Together we are sure we will win. The American empire already knows the taste of defeat on Cuban soil, such as the one we gave it in April 1961 in the Bay of Pigs — in which international solidarity also played a crucial role.

The world of work is changing as a consequence of the rapid pace of technological innovation and the formation of new professional skills, demographic evolution and climate change, together with the progressive and systemic crisis of capitalism and the impact of its neoliberal policy causing the loss of social and labour conquests of large masses of workers.

200 million people are unemployed today and 21 million are victims of forced labour to which discriminatory practices are added for the large waves of migrant workers.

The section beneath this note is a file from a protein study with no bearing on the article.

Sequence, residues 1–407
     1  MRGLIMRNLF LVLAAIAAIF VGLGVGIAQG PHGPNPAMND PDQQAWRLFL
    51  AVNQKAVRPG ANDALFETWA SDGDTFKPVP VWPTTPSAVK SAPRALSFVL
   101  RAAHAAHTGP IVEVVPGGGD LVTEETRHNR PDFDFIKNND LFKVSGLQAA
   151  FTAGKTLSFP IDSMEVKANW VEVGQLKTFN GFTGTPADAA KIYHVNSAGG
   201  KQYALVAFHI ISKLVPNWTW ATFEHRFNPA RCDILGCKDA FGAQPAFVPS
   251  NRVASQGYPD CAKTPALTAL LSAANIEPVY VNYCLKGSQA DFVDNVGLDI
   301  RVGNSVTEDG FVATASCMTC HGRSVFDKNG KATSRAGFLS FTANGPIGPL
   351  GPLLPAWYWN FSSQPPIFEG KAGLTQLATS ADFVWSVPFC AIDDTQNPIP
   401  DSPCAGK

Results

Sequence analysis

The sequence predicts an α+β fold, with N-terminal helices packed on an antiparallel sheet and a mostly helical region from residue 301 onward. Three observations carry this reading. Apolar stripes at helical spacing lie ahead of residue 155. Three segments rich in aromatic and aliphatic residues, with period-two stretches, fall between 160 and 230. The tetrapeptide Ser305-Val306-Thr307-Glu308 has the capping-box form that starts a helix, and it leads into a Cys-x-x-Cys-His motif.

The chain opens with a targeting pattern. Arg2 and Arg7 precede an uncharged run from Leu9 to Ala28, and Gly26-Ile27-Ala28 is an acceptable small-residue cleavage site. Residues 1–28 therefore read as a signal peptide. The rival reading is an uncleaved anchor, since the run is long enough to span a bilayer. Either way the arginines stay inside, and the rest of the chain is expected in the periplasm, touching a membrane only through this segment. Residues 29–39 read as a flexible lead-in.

2.3 million workers lose their lives every year when working in dangerous environments, and a significant percentage acquires occupational diseases.

Labour reforms recently applied in several countries have restricted collective bargaining, while pockets of poverty and the precariousness of contracts are growing.

This sad but real panorama, a reflection of the current unjust, exclusive and decadent international economic order, poses challenges for the international trade union movement, imposing on us the need to articulate more effectively a campaign of struggle and union action that increasingly integrates national, regional and international interests in different multilateral scenarios.

Fellow delegates and guests to this congress:

Cuba, a small island in the Caribbean, continues to be involved in the improvement of its economic model as a sovereign, independent, and socialist nation, a subject widely debated in our recently concluded 21st CTC Congress.

Likewise, as a result of a democratic, participatory and contributory process of popular consultation, the new Constitution of the Republic was approved, where rights that constitute a chimera for many countries of the world were endorsed for workers.